It's Always Personal
Emotion in the New Workplace
When was the last time you cried at work? Or didn’t know how to respond when one of your colleagues broke down? Did someone at work blow up at you – or did you yell at a co-worker? Do you wish people where you work laughed on the job more — or less? Or didn’t exasperate you constantly? Or showed a little tact and sensitivity? Or didn’t go to such ridiculous lengths to avoid telling it like it is?
Guess what? You are not alone. Over the past two years I roamed the country talking to dozens of scientists and other experts and more than 200 ordinary Americans about their feelings – their positive emotions, their negative emotions, their crazy emotions — on the job. I made a lot of discoveries – such as the fact that a lot more men cry on the job than you’d think, saleswomen make more money during the ovulation phase of their cycles, and the cultivation of positive emotions isn’t some Pollyanna myth but a scientifically proven tool to better health and problem solving. Indeed, the more of your authentic emotional self you bring to work happier and more effective you will be.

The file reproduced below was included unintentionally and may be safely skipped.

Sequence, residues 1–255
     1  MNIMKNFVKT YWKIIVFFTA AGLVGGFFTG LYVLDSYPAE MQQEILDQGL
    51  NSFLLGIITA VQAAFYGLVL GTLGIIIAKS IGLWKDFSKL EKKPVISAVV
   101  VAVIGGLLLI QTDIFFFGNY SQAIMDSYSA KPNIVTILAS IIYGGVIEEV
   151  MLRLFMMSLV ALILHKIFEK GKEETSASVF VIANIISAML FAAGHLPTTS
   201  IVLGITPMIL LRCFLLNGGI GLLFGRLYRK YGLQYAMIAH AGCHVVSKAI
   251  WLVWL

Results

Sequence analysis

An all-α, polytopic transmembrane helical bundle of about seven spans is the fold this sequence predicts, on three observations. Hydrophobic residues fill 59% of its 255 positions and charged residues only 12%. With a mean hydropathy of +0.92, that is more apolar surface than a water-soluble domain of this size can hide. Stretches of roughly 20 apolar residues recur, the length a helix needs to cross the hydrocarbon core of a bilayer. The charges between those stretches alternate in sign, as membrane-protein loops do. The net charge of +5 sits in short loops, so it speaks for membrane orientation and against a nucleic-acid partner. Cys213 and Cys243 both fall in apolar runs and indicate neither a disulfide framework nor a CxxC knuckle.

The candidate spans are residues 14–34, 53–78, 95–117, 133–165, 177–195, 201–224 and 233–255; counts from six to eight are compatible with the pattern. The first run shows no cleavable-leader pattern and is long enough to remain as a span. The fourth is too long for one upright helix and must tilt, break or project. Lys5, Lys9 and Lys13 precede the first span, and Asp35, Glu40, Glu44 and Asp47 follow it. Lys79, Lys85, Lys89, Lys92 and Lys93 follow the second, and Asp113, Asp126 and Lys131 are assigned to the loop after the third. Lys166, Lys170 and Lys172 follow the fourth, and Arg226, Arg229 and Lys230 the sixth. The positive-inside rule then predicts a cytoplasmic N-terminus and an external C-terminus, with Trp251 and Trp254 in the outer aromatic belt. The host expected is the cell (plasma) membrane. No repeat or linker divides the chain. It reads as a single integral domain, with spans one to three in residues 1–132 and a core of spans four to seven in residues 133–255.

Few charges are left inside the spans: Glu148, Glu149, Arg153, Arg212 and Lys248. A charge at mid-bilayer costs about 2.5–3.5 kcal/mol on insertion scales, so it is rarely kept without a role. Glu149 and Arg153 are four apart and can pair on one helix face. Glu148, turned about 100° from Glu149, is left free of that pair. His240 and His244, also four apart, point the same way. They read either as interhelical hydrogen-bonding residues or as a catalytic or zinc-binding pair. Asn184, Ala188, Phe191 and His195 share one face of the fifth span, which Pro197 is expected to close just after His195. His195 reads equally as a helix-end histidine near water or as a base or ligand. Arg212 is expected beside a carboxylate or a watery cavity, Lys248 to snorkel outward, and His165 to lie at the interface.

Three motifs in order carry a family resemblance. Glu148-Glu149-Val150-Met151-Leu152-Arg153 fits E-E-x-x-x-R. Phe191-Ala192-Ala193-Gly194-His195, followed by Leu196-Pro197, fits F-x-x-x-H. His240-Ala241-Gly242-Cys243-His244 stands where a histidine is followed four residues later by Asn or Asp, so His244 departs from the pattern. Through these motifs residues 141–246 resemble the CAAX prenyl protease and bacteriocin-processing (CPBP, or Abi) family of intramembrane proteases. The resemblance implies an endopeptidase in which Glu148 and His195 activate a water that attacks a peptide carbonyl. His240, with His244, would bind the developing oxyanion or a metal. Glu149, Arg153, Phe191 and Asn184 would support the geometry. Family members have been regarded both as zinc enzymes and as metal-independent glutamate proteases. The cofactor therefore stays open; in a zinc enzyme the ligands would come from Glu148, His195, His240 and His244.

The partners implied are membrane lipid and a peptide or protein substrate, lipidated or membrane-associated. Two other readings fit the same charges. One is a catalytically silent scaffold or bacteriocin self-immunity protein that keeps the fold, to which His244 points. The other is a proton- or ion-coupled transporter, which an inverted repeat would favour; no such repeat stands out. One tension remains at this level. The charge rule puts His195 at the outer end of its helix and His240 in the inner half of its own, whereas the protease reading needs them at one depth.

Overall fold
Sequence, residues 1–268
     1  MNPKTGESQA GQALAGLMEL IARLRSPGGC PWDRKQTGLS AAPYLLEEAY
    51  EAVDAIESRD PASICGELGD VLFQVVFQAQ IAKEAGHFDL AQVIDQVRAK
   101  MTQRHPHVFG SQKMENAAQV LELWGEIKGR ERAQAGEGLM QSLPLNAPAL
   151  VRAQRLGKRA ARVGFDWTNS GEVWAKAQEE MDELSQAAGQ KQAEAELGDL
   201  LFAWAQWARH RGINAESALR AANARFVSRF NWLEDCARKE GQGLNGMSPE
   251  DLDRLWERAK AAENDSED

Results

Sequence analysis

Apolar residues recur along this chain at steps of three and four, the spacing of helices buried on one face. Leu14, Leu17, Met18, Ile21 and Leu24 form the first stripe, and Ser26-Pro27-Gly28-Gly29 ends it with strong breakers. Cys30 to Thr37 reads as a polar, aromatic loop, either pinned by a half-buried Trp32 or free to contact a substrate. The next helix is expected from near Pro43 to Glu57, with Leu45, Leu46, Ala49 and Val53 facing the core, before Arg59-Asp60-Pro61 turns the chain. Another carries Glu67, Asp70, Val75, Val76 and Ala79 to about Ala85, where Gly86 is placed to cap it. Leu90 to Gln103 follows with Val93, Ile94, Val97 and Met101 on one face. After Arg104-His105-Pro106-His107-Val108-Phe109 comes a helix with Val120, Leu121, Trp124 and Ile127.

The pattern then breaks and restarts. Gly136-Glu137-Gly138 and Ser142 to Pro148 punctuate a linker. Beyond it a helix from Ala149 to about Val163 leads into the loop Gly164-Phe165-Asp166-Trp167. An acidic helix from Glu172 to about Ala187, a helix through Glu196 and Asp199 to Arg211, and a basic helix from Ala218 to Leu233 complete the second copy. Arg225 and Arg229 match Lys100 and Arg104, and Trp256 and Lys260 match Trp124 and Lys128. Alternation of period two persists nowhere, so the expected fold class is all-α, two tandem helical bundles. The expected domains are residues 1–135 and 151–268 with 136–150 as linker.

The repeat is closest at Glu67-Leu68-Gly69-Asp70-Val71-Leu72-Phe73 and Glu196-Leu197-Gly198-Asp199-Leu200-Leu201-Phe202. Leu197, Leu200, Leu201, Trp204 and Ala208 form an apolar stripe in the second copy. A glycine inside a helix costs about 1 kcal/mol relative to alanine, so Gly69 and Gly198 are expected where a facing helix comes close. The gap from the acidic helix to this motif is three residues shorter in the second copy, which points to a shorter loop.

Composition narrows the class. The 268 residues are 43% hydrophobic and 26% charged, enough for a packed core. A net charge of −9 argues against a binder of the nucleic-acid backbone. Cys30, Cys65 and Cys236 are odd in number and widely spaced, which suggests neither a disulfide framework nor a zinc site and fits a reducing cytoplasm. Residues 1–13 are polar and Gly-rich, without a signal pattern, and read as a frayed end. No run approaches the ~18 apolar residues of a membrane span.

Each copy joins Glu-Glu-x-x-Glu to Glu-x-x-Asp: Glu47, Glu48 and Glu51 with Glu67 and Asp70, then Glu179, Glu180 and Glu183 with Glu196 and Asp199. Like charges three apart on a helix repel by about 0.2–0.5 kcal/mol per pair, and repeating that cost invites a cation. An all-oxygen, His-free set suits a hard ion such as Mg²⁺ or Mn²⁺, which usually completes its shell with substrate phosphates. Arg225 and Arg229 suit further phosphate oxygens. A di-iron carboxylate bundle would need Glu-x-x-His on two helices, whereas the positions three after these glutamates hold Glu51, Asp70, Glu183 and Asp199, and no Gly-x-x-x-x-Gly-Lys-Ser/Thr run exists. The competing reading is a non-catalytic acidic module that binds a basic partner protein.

Workplace Emotion Evaluation Profile ©
The Weep Profile was derived from an exclusive national survey of 818 women and 421 men, working Americans from all over the country, that Anne fielded in 2009 with J. Walter Thompson as research for my book It’s Always Personal. Based on an analysis of our survey responses we created four basic work-personality types. Taking this mini-survey will reveal your characteristic emotional response to typical workplace situations.*
It’s important to note that that each group includes successful people, no one category is disproportionately male or female, income levels are similar among the groups and being a member of one category or another is not necessarily predictive of occupational success or happiness. In the real world there is flux, and real people are individuals, with complicated personalities and work situations. Your results, however, can help you discover what kinds of circumstances or people most challenge you, and then, with the suggestions outlined in the book, develop skills for dealing with those kinds of people and situations. It might also be worthwhile to ask trusted colleagues to take the survey to discover if your self-perceptions conform with their experience of your workplace behavior.
* Download the full survey The Emotions in the Workplace Segmentation Survey as a PDF.
© J. Walter Thompson